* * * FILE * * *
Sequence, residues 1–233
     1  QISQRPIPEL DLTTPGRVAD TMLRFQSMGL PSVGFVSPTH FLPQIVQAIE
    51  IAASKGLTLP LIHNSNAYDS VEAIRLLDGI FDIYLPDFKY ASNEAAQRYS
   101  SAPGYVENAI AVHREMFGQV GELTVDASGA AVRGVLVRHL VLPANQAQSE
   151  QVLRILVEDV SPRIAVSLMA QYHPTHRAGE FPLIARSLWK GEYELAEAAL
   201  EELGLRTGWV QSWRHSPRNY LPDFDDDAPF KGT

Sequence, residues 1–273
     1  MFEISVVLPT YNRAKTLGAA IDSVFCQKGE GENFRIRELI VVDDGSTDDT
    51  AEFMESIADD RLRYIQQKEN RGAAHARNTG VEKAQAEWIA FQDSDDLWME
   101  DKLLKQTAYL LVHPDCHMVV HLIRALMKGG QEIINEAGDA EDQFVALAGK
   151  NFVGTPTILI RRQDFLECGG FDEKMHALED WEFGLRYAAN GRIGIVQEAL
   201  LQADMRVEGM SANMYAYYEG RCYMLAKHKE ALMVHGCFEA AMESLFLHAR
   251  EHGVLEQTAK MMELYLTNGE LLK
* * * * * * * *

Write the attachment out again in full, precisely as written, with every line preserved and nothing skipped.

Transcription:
Sequence, residues 1–233
     1  QISQRPIPEL DLTTPGRVAD TMLRFQSMGL PSVGFVSPTH FLPQIVQAIE
    51  IAASKGLTLP LIHNSNAYDS VEAIRLLDGI FDIYLPDFKY ASNEAAQRYS
   101  SAPGYVENAI AVHREMFGQV GELTVDASGA AVRGVLVRHL VLPANQAQSE
   151  QVLRILVEDV SPRIAVSLMA QYHPTHRAGE FPLIARSLWK GEYELAEAAL
   201  EELGLRTGWV QSWRHSPRNY LPDFDDDAPF KGT

Sequence, residues 1–273
     1  MFEISVVLPT YNRAKTLGAA IDSVFCQKGE GENFRIRELI VVDDGSTDDT
    51  AEFMESIADD RLRYIQQKEN RGAAHARNTG VEKAQAEWIA FQDSDDLWME
   101  DKLLKQTAYL LVHPDCHMVV HLIRALMKGG QEIINEAGDA EDQFVALAGK
   151  NFVGTPTILI RRQDFLECGG FDEKMHALED WEFGLRYAAN GRIGIVQEAL
   201  LQADMRVEGM SANMYAYYEG RCYMLAKHKE ALMVHGCFEA AMESLFLHAR
   251  EHGVLEQTAK MMELYLTNGE LLK